However, the very next month, the situation got a lot more serious. On July 13, Brigadier General John Hunt Morgan’s Confederate raiders crossed from Indiana into Ohio. Morgan’s famous raid started in Tennessee and stretched over a thousand miles.  They headed across southern Ohio, aiming to escape to West Virginia, but were defeated by Union troops and gunboats at the Battle of Buffington Island. Some of Morgan’s men would eventually manage to cross the Ohio River, but Morgan himself and most of his men were surrounded and forced to surrender at Salineville. Morgan did manage to escape captivity and returned to the South, but was killed not long afterwards.

Kent State 1970
"Four Dead in Ohio..."

The Buckeye State would produce many more well-known military figures, but they would become known for their actions beyond the borders of Ohio, not within them. To select just a few, we have Ulysses S. Grant, William Tecumseh Sherman, Eddie Rickenbacker, Curtis LeMay, and John Glenn.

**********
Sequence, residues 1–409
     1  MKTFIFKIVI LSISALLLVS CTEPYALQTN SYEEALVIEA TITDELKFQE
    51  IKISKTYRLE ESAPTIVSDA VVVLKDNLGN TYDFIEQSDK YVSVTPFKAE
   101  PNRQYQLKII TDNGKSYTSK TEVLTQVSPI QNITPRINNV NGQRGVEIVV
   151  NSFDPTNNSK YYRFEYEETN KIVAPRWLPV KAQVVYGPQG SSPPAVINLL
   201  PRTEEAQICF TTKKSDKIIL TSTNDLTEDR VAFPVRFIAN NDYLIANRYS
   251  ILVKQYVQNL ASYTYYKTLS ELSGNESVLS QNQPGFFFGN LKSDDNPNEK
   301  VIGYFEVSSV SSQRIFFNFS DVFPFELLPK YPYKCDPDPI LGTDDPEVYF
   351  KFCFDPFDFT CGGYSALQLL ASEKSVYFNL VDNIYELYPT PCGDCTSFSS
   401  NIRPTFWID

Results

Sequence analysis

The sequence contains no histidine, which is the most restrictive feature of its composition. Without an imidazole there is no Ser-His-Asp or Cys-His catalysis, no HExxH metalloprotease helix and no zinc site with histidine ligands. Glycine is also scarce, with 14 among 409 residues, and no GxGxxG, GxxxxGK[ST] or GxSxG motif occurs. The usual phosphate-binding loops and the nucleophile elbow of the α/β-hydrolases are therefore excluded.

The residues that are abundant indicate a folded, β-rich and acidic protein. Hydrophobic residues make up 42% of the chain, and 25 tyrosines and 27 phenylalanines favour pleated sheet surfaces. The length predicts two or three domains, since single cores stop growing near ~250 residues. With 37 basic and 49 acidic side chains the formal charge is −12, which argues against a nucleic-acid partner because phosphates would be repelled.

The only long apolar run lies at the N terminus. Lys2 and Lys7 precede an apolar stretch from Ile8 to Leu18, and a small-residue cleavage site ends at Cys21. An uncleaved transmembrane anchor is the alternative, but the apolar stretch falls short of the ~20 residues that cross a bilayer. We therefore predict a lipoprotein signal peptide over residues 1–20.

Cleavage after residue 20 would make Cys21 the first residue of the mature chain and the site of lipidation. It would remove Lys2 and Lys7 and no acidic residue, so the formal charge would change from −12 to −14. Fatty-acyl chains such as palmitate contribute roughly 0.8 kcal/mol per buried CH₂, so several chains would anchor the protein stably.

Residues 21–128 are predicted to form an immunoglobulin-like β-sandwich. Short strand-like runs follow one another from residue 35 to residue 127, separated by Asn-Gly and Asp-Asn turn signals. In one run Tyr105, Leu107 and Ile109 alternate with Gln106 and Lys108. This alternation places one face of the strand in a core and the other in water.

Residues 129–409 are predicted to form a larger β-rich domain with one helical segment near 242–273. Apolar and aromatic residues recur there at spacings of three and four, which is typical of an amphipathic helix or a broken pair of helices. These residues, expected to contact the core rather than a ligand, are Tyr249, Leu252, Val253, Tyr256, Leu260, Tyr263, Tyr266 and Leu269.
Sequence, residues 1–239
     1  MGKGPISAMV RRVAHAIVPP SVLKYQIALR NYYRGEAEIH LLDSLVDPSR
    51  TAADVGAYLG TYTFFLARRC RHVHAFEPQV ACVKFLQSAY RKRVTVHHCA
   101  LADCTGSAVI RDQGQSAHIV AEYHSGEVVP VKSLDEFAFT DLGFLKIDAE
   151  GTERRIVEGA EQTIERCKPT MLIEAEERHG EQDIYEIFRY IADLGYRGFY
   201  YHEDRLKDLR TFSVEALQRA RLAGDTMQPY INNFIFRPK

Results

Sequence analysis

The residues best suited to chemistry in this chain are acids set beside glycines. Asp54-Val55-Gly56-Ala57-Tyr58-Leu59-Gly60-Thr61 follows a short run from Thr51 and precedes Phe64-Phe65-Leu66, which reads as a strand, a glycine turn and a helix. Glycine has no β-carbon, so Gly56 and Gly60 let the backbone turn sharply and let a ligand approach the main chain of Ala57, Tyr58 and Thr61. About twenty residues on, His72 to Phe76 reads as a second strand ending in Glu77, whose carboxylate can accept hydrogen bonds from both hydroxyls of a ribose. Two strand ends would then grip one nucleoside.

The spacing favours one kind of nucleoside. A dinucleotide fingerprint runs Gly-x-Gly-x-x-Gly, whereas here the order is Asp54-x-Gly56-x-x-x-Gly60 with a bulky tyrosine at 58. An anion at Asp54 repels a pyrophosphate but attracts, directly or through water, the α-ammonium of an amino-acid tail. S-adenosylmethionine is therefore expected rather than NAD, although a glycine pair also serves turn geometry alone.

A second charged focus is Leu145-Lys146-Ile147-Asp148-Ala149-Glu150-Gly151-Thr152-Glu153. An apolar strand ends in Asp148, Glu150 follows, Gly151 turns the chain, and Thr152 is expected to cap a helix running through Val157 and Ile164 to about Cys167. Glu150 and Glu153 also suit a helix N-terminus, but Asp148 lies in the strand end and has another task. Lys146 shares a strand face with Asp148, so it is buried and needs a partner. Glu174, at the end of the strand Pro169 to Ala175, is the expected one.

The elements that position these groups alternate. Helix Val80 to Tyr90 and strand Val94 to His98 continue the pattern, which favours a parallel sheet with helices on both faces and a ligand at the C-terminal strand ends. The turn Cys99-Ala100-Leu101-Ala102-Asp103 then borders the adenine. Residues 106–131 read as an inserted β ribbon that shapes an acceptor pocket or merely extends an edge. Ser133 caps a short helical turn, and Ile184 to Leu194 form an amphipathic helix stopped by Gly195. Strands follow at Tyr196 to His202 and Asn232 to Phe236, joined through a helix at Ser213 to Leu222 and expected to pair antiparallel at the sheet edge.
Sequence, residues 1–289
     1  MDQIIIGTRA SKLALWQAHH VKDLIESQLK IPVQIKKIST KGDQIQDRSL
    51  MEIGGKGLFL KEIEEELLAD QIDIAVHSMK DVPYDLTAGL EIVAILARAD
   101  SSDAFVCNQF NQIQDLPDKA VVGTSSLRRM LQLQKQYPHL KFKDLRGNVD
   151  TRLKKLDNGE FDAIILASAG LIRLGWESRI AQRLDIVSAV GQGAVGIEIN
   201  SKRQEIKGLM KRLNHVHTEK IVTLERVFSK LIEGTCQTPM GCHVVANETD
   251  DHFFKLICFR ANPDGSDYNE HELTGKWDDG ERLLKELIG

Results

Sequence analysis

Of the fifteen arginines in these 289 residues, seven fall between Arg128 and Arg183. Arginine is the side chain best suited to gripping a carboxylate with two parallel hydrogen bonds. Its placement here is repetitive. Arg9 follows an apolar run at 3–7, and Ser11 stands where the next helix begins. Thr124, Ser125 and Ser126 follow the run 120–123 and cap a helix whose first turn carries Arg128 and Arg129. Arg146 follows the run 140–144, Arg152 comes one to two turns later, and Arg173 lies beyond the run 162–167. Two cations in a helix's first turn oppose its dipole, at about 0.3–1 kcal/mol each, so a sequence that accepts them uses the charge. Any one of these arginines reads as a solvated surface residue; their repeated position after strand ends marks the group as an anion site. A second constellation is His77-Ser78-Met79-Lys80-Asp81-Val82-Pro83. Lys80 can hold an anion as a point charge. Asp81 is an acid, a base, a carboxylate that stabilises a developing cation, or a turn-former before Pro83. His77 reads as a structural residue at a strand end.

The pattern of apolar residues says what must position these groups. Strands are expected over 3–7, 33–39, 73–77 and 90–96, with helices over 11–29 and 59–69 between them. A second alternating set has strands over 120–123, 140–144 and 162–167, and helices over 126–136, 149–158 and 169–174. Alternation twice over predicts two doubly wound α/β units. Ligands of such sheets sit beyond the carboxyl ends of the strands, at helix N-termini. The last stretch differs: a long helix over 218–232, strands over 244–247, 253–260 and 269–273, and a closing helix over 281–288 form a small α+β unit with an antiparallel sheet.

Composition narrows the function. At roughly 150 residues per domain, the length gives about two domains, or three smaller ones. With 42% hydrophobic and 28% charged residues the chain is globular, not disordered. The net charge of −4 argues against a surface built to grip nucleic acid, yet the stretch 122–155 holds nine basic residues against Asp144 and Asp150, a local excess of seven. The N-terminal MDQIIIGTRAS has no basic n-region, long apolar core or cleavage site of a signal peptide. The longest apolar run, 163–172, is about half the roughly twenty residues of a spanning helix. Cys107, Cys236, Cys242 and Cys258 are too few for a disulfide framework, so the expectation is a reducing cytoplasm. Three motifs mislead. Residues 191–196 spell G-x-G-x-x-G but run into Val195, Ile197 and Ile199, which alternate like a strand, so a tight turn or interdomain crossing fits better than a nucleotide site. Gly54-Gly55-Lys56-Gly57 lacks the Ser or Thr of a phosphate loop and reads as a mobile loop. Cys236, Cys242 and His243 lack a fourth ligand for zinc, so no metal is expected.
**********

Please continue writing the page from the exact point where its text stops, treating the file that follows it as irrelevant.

On May 4, 1970, young Americans in uniform fired on other young Americans who were protesting the bombing of Cambodia and the Nixon administration. Members of the Ohio National Guard killed four unarmed protestors at Kent State University.  The tragedy was a watershed event of the Vietnam War."  (Source:

Memphis Belle
National Museum of US Air Force
Dayton, Ohio

Tourist Notes:
1) The NATIONAL MUSEUM OF THE US AIR FORCE in Dayton Ohio is truly amazing (  An extraordinary collection of military aviation from the dawn of flight to the present.  Includes many versions of Air Force One.  Not to be missed!

2) FALLEN TIMBERS BATTLEFIELD near Toledo is a marvelous place to explore American history and the long bloody struggle between indigenous people and American settlers. (

Whiskey Sour
Century Bar
Dayton Ohio

3) The CENTURY BAR in downtown Dayton Ohio is a true old fashioned bar - bar (  The cherry wood and stained glass is magnificent but just wait until you try their whiskey sour -- incredible!  The Century Bar is the perfect place to restore tissues after a long day at the Air Force Museum.